Sudoku grid consists of 81 squares divided into nine columns marked a through i, and nine rows marked 1 through 9. The grid is also divided into nine 3x3 sub-grids named boxes which are marked box 1 through box 9.
The easiest way starting a Sudoku puzzle is to scan rows and columns within each triple-box area, eliminating numbers or squares and finding situations where only a single number can fit into a single square. The scanning technique is fast and usually sufficient to solve easy puzzles all the way to the end. The scanning technique is also very useful for hard puzzles up to the point where no further progress can be made and more advanced solving techniques are required. Here are some ways of using scanning techniques:
1. Scanning in one direction:
In our first example we will focus on box 2, which like any other box in Sudoku must contain 9. Looking at box 1 and box 3 we can see there are already 9s in row 2 and in row 3, which excludes the two bottom rows of box 2 from having 9. This leaves square e1 as the only possible place into which 9 can fit in.
2. Scanning in two directions:
The same technique can be expanded by using information from perpendicular rows and columns. Let’s see where we can place 1 in box 3. In this example, row 1 and row 2 contain 1s, which leaves two empty squares in the bottom of box 3. However, square g4 also contains 1, so no additional 1 is allowed in column g. This means that square i3 is the only place left for 1.
3. Searching for Single Candidates:
Often only one number can be in a square because the remaining eight are already used in the relevant row, column and box. Taking a careful look at square b4 we can see that 3, 4, 7 and 8 are already used in the same box, 1 and 6 are used in the same row, and 5 and 9 are used in the same column. Eliminating all the above numbers leaves 2 as the single candidate for square b4.
4. Eliminating numbers from rows, columns and boxes:
There are more complex ways to find numbers by using the process of elimination. In this example the 1 in square c8 implies that either square e7 or square e9 must contain 1. Whichever the case may be, the 1 of column e is in box 8 and it is therefore not possible to have 1 in the centre column of box 2. So the only square left for 1 in box 2 is square d2.
5. Searching for missing numbers in rows and columns:
This method can be particularly useful when rows (and columns) are close to completion. Let’s take a look at row 6. Seven of the nine squares contain the numbers 1, 2, 3, 4, 5, 8 and 9, which means that 6 and 7 are missing. However, 6 cannot be in square h6 because there is already 6 in that column. Therefore the 6 must be in square b6.
As Sudoku puzzle levels get harder you will find the simple scanning methods described above are not enough and more sophisticated solving techniques must be used. Hard puzzles require deeper logic analysis which is done with the aid of pencilmarks. Sudoku pencilmarking is a systematic process writing small numbers inside the squares to denote which ones may fit in. After pencilmarking the puzzle, the solver must analyze the results, identify special number combinations and deduce which numbers should be placed where. Here are some ways of using analyzing techniques:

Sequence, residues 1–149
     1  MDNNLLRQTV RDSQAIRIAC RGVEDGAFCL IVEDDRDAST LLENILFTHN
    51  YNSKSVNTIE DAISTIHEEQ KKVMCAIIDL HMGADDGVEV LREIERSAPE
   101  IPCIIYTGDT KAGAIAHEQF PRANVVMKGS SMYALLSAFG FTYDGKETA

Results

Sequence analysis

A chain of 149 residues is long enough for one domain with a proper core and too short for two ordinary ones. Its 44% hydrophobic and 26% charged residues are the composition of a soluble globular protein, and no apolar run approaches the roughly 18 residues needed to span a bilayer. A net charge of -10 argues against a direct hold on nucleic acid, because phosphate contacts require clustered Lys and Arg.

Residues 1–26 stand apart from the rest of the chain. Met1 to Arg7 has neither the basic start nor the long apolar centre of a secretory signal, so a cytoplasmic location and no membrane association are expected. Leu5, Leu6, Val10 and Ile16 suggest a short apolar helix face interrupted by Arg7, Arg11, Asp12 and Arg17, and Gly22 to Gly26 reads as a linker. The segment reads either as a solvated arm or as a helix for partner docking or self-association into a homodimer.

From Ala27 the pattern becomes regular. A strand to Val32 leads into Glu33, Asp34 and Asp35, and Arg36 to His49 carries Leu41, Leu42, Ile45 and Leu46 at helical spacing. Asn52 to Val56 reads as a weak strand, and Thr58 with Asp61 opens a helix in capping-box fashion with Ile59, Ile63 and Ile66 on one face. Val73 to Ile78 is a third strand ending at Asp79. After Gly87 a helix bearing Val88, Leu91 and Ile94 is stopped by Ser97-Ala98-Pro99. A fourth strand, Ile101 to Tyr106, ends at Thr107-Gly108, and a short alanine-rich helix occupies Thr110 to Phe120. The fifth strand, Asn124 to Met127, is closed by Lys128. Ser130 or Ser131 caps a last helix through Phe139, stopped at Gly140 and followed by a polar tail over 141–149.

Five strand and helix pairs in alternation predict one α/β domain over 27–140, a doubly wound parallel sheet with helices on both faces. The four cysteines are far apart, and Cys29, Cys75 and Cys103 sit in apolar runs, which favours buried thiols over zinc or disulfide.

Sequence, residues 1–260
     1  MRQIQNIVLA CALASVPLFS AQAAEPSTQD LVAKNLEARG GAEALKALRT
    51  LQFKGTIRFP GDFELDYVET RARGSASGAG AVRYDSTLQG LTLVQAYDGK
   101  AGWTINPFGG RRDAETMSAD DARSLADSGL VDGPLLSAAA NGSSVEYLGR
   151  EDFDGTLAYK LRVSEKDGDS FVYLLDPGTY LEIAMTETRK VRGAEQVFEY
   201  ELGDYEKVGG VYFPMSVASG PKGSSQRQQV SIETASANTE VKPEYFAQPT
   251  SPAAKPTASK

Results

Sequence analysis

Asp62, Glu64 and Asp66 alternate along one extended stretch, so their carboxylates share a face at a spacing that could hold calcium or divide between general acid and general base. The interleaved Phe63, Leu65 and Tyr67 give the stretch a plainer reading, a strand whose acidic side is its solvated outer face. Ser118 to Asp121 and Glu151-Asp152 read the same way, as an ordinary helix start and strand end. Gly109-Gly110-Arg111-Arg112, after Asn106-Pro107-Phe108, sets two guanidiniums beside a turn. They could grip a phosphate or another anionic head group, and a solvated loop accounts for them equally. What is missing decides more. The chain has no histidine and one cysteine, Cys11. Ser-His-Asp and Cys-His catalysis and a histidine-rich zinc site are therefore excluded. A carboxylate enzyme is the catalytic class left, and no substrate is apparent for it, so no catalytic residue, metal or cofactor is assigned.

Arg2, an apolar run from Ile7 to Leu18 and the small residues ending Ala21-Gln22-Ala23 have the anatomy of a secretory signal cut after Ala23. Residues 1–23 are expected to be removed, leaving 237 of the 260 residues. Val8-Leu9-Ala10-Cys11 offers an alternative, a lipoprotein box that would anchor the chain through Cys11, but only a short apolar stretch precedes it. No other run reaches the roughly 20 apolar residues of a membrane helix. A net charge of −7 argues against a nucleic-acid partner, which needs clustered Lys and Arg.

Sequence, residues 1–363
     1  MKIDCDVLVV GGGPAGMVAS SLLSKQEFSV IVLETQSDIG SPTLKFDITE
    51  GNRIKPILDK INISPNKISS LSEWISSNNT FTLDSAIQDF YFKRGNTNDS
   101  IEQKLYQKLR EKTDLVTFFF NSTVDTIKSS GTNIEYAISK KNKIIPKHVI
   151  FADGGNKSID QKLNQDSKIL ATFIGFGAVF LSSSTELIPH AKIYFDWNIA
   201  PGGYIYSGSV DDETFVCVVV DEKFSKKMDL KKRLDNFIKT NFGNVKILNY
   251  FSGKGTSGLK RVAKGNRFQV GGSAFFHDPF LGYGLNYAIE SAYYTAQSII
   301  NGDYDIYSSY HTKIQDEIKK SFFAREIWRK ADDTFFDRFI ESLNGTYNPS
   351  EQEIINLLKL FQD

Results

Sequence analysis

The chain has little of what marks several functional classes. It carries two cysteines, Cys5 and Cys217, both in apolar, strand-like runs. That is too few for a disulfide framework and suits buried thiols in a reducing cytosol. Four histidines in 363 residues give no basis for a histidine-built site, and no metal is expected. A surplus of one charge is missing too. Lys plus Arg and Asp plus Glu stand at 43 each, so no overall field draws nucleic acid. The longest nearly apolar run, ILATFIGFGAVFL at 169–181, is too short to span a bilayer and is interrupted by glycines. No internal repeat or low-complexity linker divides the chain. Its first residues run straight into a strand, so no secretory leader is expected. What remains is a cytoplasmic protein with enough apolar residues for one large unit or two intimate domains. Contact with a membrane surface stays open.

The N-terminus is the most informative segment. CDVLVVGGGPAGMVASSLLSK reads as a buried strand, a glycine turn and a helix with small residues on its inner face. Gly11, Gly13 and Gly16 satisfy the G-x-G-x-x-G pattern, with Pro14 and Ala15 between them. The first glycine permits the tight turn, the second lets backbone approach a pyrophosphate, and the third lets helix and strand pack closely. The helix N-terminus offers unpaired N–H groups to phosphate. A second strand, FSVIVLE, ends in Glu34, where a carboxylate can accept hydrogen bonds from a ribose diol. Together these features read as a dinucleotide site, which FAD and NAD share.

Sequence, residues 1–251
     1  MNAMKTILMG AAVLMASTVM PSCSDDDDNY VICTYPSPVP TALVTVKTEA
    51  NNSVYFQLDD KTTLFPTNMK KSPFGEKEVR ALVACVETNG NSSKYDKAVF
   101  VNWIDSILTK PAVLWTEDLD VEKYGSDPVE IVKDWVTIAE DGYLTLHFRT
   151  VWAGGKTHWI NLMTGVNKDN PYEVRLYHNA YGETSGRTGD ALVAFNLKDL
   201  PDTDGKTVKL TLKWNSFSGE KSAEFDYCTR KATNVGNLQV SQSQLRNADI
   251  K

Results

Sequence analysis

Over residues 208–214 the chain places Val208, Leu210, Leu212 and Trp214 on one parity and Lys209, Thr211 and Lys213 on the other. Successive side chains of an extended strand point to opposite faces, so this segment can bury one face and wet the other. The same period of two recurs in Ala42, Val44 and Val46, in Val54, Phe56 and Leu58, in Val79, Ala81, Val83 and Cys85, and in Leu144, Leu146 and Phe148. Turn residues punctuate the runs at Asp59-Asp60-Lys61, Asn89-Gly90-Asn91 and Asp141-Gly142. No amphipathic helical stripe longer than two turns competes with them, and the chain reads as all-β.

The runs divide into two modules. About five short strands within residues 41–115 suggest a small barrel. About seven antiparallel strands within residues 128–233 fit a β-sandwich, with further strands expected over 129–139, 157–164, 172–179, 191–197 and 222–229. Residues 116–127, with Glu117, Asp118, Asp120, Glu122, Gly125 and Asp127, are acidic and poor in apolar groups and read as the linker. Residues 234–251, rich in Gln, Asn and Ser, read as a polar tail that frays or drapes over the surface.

1. Eliminating squares using Naked Pairs in a box:
In this example, squares c7 and c8 in box 7 can only contain 4 and 9 as shown with the red pencilmarks below. We don’t know which is which, but we do know that both squares are occupied. In addition, square a6 excludes 6 from being in the left column of box 7. As a result the 6 can only be in square b9. Such cases where the same pair can only be placed in two boxes is called Disjoint Subsets, and if the Disjoint Subsets are easy to see then they are called Naked Pairs.
2. Eliminating squares using Naked Pairs in rows and columns:
The previous solving technique is useful for deducing a number within a row or column instead of a box. In this example we see that squares d9 and f9 in box 8 can only contain 2 and 7. Again we don’t know which is which, but we do know that both squares are occupied. The numbers which remain to be placed in row 9 are 1, 6 and 8. However, 6 can’t be placed in square a9 or in square i9, so the only possible place is square c9.
3. Eliminating squares using Hidden Pairs in rows and columns:
Disjoint Subsets are not always obvious to see at first sight, in which case they are called Hidden Pairs. If we take a very close look at the pencilmarks in row 7 we can see that both 1 and 4 can only be in square f7 and square g7. This means that 1 and 4 are a Hidden Pair, and that square f7 and square g7 cannot contain any other number. Using the scanning technique we see that 7 can only be in square d7.
4. Eliminating squares using X-Wing:
The X-Wing technique is used in rare situations which occur in some extremely difficult puzzles. Scanning column a we see that 4 can only be in square a2 or square a9. Similarly, 4 can only be in square i2 or square i9. Because of the X-Wing pattern where boxes are in the same row (or column), a new logic constraint occurs: it is obvious that in row 2 the 4 can only be either in square a2 or in square i2, and it cannot be in any other square. Therefore 4 is excluded from square c2, and square c2 must be 2.